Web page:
The second great transfer partner is Asia Miles. While the program saw a minor devaluation this year, there are still some great uses of the currency when flying with either Cathay Pacific or their Oneworld partners. For example, you can fly nonstop on American Airlines from Chicago, New York, Miami, Charlotte, Phildelphia or Dallas to a number of European destinations for only 45,000 Asia Miles one-way in business class.

There is also value in Flying Blue and Singapore KrisFlyer. Even Turkish Miles&Smiles has some sweet spots. But LifeMiles and Asia Miles are my top favorites. The biggest hurdle for people is learning how to use them effectively.

Diversification of points portfolio

Another benefit of picking up a Citi ThankYou Premier card is that you will have access to additional partners besides those offered by either Chase or Amex. Sure, I remarked that they are inferior to the other programs, but they are definitely not useless.

I’ve found that having a diverse portfolio of points is one of the best strategies for making trips happen. Don’t lock yourself into only one or two currencies (I always suggest having a plan). Bank programs with transfer partners are already a step above straight hotel or airlines cards. But holding more than one can make some sense. I love my American Express Everyday card as it is both free ($0 annual fee), yet earns 2x Membership Rewards points on groceries and leaves me the option of accruing Membership Rewards points. Having cards with all three currencies gives me a lot of options.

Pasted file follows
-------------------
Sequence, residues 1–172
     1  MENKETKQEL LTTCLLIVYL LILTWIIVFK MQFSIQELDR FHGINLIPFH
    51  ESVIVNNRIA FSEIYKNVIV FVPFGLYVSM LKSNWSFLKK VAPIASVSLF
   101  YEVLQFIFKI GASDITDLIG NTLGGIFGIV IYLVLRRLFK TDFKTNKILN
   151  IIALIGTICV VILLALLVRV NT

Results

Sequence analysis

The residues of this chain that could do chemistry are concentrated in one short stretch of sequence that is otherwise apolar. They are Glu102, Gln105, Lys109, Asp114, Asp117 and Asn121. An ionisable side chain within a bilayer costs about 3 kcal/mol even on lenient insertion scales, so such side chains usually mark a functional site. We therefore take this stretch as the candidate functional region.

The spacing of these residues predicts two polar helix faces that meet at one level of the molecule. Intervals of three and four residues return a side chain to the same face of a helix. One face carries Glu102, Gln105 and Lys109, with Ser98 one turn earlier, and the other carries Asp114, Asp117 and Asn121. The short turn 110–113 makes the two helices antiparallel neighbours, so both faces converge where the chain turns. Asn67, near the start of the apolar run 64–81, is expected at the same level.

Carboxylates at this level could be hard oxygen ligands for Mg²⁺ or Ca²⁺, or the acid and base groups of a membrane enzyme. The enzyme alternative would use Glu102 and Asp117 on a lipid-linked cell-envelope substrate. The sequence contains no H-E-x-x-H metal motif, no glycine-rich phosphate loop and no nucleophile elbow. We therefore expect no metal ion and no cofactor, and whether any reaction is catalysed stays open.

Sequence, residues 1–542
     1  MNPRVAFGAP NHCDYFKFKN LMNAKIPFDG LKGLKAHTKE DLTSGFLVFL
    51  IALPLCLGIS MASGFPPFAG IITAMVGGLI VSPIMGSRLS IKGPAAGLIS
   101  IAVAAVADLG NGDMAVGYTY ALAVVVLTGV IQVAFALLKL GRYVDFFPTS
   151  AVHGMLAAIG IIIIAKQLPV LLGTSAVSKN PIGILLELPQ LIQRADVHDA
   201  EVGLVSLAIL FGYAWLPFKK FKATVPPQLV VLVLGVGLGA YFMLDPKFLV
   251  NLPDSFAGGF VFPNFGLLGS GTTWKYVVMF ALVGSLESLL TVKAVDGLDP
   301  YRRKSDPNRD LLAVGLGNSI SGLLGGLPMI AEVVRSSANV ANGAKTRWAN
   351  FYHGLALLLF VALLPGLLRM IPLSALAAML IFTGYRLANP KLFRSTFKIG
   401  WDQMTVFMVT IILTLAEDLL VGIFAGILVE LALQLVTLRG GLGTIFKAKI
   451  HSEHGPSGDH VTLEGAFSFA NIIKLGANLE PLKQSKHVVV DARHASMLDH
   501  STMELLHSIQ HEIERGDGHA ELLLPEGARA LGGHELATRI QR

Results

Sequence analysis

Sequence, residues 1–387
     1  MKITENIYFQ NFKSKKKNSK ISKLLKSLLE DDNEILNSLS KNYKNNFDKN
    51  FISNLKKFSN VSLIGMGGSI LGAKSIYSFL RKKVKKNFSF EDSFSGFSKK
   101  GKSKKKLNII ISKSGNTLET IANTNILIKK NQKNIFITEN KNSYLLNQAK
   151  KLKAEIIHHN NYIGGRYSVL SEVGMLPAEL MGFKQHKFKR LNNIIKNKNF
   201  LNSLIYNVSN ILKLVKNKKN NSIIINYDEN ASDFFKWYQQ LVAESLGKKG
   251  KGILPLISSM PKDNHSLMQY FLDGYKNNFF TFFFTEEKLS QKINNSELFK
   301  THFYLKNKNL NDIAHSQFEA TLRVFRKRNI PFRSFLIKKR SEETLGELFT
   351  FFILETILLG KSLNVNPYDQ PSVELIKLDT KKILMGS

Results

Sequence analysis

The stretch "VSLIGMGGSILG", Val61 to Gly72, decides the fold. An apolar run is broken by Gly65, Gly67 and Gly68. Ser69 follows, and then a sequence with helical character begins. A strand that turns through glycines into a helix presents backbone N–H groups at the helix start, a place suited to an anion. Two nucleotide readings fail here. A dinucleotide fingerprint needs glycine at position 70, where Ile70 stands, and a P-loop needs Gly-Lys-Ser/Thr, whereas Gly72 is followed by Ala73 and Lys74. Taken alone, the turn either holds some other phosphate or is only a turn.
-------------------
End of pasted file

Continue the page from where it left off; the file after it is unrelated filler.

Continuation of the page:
Conclusion

If you’re in the market for a new card, the Citi ThankYou Premier may be the way to go. With a $0 annual fee, you really can’t go wrong if you want to try the program out. If you find it isn’t for you, just drop it when you hit your first year.

As always, don’t apply because some guy on the internet told you to. Take a look at the offer and see if this card offers some value to you. 😉

Kings Canyon – Gould Mine Loop Hike in Saguaro National Park

On a beautiful Arizona morning in late April we headed out from the Hampton Inn in Tucson to Saguaro National Park, to the west of the city. The plan? Complete the Kings Canyon – Gould Mine Loop hike, a distance of about 2.1 miles, as an introduction for the kids to the desert.